Canada’s first Francophone Prime Minister was born Henri-Charles-Wilfrid Laurier in what is now Saint-Lin-Laurentides, Quebec in 1841. Raised in an intellectually-minded Francophone family, Laurier studied in Nova Scotia, where he familiarized himself with the language and culture of the English people before embarking on a law degree at McGill University. He became involved with the radical Rouge political movement in Quebec and was integral in the creation of the national Liberal Party, where he served as its leader from 1887-1919, the longest serving leader of a Canadian political party in the country’s history. As Prime Minister for fifteen consecutive years (another record), Laurier led Canada during a period of rapid growth and prosperity: immigration expanded and led to the creation of the provinces of Alberta and Saskatchewan, two new continental rail lines were built, and greater autonomy from Britain was achieved.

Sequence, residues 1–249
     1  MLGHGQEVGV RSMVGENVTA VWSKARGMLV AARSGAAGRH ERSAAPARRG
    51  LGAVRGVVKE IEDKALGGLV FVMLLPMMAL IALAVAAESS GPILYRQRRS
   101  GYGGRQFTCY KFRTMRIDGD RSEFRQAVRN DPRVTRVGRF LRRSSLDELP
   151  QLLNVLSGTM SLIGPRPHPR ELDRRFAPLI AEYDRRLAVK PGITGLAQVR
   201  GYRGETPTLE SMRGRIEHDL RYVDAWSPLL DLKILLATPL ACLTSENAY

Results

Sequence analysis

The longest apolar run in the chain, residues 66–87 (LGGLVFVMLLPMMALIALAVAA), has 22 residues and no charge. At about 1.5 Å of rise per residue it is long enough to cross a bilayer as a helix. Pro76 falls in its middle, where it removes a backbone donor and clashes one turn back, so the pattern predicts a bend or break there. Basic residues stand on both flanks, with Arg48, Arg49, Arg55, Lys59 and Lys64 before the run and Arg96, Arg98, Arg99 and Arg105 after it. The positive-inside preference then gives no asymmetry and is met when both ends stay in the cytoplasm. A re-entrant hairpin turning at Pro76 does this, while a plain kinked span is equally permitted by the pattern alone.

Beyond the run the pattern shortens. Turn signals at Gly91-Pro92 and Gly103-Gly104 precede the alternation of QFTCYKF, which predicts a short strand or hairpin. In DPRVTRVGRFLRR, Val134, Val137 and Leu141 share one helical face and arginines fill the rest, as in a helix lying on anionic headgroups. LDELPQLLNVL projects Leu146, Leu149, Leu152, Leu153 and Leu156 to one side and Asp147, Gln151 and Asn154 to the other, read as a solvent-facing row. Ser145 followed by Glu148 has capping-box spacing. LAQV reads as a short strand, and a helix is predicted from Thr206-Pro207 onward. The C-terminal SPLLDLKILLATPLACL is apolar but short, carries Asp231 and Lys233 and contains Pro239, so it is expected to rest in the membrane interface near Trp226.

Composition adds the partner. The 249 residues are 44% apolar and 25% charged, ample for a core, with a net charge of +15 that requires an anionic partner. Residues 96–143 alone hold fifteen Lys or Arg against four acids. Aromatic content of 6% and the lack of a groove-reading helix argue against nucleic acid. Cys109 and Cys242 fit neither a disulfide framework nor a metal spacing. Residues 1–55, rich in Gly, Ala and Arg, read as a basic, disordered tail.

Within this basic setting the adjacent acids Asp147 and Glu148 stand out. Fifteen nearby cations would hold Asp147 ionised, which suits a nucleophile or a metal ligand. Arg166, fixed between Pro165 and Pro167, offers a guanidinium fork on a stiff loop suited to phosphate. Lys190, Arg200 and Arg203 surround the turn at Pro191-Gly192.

André Pratte, chief editorialist of La Presse, is a well known leader of political thought in Quebec. He often writes about the need to rethink federalism to make it work. In some ways, he is the new, younger Claude Ryan. Increasingly he believes that the disappearance of Quebec’s major historic leaders, like Laurier, from public memory makes it difficult for people to know what’s happening in their society. In re-examining the life of Sir Wilfrid Laurier, he’ll be re-examining the emergence of modern Canada from a Francophone point of view.